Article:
As of December 7, 2023, only 303 global firms have completely pulled out of Russia by selling or liquidating business, according to the Kyiv School of Economics (KSE). This is a drop in the ocean, after almost two years since the full-scale invasion of Ukraine and almost a decade since the illegal annexation of Crimea.
The overwhelming majority (58% or 2,134) of international companies with ties to Russia at the start of 2022 continue to do business within the aggressor state while 1,218 are in the process of leaving.
KSE identified information on deal amounts for less than one-third (~30%) or 87 of 300 departed companies. Considering total revenue size, data is available for approximately 60% of the firms.
Calculations suggest a total transaction value of $16.7 billion. An alternative estimate from Bloomberg, citing AK&M, suggests a figure of around $21 billion. Due to undisclosed transaction details for many companies, the total transaction amount could be approximately 1.5 times higher, reaching around $25 billion, KSE notes.
European companies have declared nearly €100 billion in write-offs from operations in Russia, though not critical to their global investments.
New Russian business elite
The Russian pro-government business elite emerges as the beneficiary of Western corporate departure. 303 exited companies represent 386 legal entities sold by Western companies, with almost half of such transactions going to representatives of local top management. In 94% of cases of purchases of western assets buyers were from Russia, with only a few representing residents of “friendly” countries such as China, Turkey, or the United Arab Emirates.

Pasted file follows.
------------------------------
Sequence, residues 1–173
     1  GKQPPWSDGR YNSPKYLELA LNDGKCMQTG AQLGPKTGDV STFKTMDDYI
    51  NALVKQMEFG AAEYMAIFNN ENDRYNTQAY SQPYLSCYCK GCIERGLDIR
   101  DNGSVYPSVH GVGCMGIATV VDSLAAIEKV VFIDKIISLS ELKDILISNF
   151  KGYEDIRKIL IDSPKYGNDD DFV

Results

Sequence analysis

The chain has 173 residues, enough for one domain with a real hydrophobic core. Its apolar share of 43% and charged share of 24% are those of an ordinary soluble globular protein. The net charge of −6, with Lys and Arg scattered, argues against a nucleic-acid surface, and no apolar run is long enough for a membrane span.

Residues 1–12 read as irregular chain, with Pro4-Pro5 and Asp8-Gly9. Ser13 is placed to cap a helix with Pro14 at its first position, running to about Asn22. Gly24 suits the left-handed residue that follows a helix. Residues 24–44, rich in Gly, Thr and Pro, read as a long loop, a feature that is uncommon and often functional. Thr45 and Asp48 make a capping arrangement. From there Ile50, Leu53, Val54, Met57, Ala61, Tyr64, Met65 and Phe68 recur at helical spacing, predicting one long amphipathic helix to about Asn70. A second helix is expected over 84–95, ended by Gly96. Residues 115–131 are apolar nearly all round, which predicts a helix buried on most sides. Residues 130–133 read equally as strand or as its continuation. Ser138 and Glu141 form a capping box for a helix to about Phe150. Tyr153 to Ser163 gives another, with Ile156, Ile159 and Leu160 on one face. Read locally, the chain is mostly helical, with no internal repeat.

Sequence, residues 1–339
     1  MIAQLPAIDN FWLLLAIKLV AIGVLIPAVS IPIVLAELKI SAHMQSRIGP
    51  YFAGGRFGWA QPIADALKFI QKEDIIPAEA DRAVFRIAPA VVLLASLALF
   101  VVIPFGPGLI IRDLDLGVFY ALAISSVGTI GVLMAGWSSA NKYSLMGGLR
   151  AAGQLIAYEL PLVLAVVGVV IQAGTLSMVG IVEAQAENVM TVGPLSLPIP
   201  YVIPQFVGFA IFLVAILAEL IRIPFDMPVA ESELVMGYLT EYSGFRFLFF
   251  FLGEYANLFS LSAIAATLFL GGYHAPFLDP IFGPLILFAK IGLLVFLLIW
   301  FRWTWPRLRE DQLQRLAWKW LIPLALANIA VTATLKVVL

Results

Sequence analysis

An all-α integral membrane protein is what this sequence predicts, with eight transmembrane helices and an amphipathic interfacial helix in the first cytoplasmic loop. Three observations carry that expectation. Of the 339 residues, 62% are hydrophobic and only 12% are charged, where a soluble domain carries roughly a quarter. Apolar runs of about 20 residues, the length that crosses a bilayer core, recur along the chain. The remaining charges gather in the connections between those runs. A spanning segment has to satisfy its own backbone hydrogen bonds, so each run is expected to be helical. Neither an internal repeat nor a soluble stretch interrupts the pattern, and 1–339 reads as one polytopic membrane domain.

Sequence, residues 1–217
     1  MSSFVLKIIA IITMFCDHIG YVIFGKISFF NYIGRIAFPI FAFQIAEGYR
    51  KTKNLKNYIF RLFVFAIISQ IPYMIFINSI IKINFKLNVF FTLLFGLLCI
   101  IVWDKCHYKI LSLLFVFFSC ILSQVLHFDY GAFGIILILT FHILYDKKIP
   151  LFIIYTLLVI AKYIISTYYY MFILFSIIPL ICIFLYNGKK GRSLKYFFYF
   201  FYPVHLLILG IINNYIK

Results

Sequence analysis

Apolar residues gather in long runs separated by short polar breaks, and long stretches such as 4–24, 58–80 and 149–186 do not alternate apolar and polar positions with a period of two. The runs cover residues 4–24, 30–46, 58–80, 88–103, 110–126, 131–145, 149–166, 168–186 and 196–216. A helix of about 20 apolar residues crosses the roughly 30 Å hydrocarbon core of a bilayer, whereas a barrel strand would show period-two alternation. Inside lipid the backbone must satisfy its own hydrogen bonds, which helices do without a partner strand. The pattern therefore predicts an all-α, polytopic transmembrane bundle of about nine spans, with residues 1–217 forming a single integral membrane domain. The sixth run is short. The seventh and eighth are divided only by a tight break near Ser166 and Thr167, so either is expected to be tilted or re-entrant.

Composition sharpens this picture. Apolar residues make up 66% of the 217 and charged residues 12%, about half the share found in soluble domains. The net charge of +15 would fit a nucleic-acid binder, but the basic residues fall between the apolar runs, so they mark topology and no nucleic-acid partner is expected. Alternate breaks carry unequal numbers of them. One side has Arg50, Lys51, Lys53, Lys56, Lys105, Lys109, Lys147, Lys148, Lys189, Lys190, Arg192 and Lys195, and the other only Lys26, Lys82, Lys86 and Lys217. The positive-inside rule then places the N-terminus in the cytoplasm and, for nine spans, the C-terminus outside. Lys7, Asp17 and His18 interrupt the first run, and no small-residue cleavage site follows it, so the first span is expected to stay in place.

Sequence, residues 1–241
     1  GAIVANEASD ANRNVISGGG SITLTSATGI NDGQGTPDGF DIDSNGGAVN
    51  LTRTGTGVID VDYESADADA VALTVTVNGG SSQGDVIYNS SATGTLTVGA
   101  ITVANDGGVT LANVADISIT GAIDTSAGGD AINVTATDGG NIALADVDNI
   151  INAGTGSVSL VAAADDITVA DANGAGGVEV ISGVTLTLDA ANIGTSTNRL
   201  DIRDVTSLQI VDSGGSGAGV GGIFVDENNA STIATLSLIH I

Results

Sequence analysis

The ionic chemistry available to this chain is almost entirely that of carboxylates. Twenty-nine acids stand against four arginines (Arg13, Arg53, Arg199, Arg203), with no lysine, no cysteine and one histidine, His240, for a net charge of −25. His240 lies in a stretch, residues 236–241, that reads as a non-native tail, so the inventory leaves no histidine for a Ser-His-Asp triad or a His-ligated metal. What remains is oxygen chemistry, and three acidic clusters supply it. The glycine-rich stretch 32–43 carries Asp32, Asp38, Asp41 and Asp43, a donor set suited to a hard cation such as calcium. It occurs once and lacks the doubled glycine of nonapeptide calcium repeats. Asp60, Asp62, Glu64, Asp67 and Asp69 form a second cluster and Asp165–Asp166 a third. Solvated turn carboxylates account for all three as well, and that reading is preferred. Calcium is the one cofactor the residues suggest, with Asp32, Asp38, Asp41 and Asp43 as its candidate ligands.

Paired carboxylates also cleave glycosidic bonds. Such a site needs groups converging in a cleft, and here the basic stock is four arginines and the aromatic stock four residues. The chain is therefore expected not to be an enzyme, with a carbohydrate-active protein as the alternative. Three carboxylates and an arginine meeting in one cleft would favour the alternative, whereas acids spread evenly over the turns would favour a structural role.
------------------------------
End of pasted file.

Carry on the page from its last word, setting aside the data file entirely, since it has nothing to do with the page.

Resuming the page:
Media highlights individuals like Ivan Tavrin, former head of a Russian mobile communications company, and Alexey Sagal from Arnest Group, as key players in acquiring western assets.
Notable acquisitions include Tavrin’s purchase of Prosus NV Avito and Sagal’s acquisition of Ball’s drinks packaging assets and Heineken NV’s Russian units.
Seized Russian subsidiaries belonging to Danone and Carlsberg’s Baltika have landed in the hands of Putin’s loyalists Yakub Zakriev, Chechnya’s agriculture minister and nephew of Putin’s ally Ramzan Kadyrov, and Taimuraz Bolloev, a longtime friend of the president and a close ally of the Kovalchuk brothers also allied with Putin.
B4Ukraine calls on G7, EU and Swiss governments to urge their businesses to cut ties with Russia and issue business advisories to warn of the heightened risks of continuing business operations in the aggressor state.